We grew up in gaming in a different time, Jeff – a time where you took your (character’s) life in your hands when you left town on the next big adventure. Modern game design is all so heavily invested in “telling an exciting story” that they’ve lost track of “challenge the characters and their players” in the process.

    • jeffro February 26, 2014 at 10:05 am

      The question for the designer is… how do you make that lightbulb to go off? How do you set it up so that sort of thing can happen….

      • Alex February 26, 2014 at 12:15 pm

        Emergent narrative hooks are all important and something that some (not all) old TSR modules are definitely missing.

        It’s from a defunct OSR publisher, but Terror in the Gloaming is a really good example of a module with a ton of stuff to do. It has a ruined dungeon-town, detailed rural wilderness area with active roving bands of different factions, a base camp that can be treated as a town or a dungeon, and a few ‘trigger’ events that set time-table driven narratives into effect.

        It can be picked apart, dropped in various places, run with or without dynamic events (not everyone might want to deal with a barrow-wight apocalypse at low levels or if the party is definitely unable to stop the nominal “Terror”), but has a “whole shebang” dynamic feel to it that few other beginner mods I’ve come across have.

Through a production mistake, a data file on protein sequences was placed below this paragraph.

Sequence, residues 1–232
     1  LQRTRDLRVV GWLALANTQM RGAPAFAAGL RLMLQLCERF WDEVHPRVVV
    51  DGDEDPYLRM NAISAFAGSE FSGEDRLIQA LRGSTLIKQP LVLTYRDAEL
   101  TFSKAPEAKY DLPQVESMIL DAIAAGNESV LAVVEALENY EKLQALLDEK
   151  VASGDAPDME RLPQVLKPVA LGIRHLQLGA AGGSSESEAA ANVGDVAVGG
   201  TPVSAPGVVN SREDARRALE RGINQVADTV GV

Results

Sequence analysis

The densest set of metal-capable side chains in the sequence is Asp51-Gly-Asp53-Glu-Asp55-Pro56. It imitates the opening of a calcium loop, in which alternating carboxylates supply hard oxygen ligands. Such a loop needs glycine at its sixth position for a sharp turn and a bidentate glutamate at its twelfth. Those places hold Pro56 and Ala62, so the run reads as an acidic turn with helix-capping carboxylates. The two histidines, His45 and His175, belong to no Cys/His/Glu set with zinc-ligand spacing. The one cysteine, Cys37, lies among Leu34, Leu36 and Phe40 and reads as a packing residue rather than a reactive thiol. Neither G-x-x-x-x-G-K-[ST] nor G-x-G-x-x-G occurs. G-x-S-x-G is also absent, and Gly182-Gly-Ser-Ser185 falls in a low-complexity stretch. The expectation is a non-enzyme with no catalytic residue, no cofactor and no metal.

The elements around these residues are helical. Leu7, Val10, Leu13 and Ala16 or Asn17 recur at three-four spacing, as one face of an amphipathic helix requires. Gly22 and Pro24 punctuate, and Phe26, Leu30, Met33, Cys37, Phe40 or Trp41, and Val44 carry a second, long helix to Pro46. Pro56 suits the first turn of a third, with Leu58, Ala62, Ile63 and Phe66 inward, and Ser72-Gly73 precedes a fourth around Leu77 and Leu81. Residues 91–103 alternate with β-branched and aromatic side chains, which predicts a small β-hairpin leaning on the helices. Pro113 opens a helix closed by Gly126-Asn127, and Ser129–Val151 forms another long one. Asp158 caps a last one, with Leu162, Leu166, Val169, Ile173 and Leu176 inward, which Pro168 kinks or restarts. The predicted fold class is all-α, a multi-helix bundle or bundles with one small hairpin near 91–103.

3. PeterD February 26, 2014 at 10:12 am

    I think saying “Players just don’t think this way” and “Maybe the players won’t develop interesting tactics until they start to learn from the monsters….” are unfair.

    I think the reason players don’t go all Fistfull/Yojimbo/Red Harvest on the monsters in adventures is because it takes a lot of time, a lot of effort, and a lot of buy-in from the GM. You have to be sure that there is a good reward for doing it and know the GM is along for the ride. If the GM has any objection to you doing so – even just that they’re evil and untrustworthy and suspicious of humans – it will likely fail and you wasted your time.

    You said it yourself – “a really elaborate plan is unlikely to pan out unless you have complete control of the script.” The players don’t have that control, so it’s a big risk and a lot of effort for possibly no reward. Nevermind that not everyone wants to play both sides against the other, especially when they all know how it ends (both sides dead.) They just want to skip to “fight both sides.” That’s not a failure of imagination. It’s recognizing the final reward (the monster’s loot, the cleared-out caves) isn’t worth the effort.